Question: I had back pain that occurred on the job in 1992. In the State of Washington there is no "Safety Net" for injured workers and I have managed to work after 4 months of disability. The case has been closed and this in no way was an attempt to gain information for purposes other than self help in pain management to continue working. This inquiry does relate to problems with my HMO, Group Health Northwest and my doctor. The problem, pain management, is becoming more of an issue with me.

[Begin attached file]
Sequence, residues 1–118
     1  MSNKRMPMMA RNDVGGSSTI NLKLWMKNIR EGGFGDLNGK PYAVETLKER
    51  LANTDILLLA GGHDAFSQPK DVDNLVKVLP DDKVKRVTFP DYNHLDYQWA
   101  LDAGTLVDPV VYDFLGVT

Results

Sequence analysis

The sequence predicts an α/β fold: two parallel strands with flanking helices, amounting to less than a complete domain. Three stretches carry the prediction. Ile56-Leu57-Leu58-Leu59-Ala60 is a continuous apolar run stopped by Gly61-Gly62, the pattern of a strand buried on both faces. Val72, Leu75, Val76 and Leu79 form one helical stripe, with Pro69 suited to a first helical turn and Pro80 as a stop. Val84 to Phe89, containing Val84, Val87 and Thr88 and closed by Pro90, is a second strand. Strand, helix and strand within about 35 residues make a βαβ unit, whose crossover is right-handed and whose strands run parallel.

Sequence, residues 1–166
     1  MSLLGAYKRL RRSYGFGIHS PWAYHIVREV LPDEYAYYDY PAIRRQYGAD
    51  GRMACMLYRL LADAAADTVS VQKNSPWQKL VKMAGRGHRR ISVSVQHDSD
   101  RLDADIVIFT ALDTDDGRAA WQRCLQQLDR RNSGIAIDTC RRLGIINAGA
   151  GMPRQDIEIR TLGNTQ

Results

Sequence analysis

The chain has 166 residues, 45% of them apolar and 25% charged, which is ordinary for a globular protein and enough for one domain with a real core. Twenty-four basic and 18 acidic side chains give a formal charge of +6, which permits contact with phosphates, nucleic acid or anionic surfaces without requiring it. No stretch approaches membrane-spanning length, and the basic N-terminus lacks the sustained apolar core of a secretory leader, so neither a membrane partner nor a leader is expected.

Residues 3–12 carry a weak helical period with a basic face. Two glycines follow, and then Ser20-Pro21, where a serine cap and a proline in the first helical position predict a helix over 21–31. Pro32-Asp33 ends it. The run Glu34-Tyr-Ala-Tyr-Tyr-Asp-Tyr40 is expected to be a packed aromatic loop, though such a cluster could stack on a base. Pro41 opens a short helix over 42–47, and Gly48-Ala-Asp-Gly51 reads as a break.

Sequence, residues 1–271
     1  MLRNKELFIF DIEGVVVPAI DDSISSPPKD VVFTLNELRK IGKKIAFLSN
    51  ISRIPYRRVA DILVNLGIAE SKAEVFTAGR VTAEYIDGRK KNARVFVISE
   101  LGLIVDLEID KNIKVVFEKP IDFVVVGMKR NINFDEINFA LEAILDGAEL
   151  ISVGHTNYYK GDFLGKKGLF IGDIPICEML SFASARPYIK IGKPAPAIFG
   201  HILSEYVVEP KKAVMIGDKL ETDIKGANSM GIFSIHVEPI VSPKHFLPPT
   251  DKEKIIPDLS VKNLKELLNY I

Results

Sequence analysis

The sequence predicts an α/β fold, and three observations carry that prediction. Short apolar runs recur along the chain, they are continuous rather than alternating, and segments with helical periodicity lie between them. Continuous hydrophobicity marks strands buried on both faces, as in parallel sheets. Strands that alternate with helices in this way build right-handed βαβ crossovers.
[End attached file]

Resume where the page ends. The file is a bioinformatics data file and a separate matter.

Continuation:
When I was first returning to work in 1993, most of the work I was able to get was temporary, with no medical benefits. The most economical way to control pain was Tylenol 3 and Feldine. Depending on the type of work I found, I am a Computer Specialist by trade. When I had to sit for long periods of time, I required more medication. If mobile less medication, and in one position no medication. I have been subjected to all "Managed Care" has to offer in their arsenal for readily available drugs. I have been with my current doctor, for almost 2 years now. I was able to convince him to have more testing done via a Neurosurgeon. The prognoses after all these tests was not to operate, although degeneration in the original injury area is very evident. I agreed to have another epidermal steroid injection, and I’ve had this done this several times before. I had a epidermal steroid injection last month that caused problems, including more pain.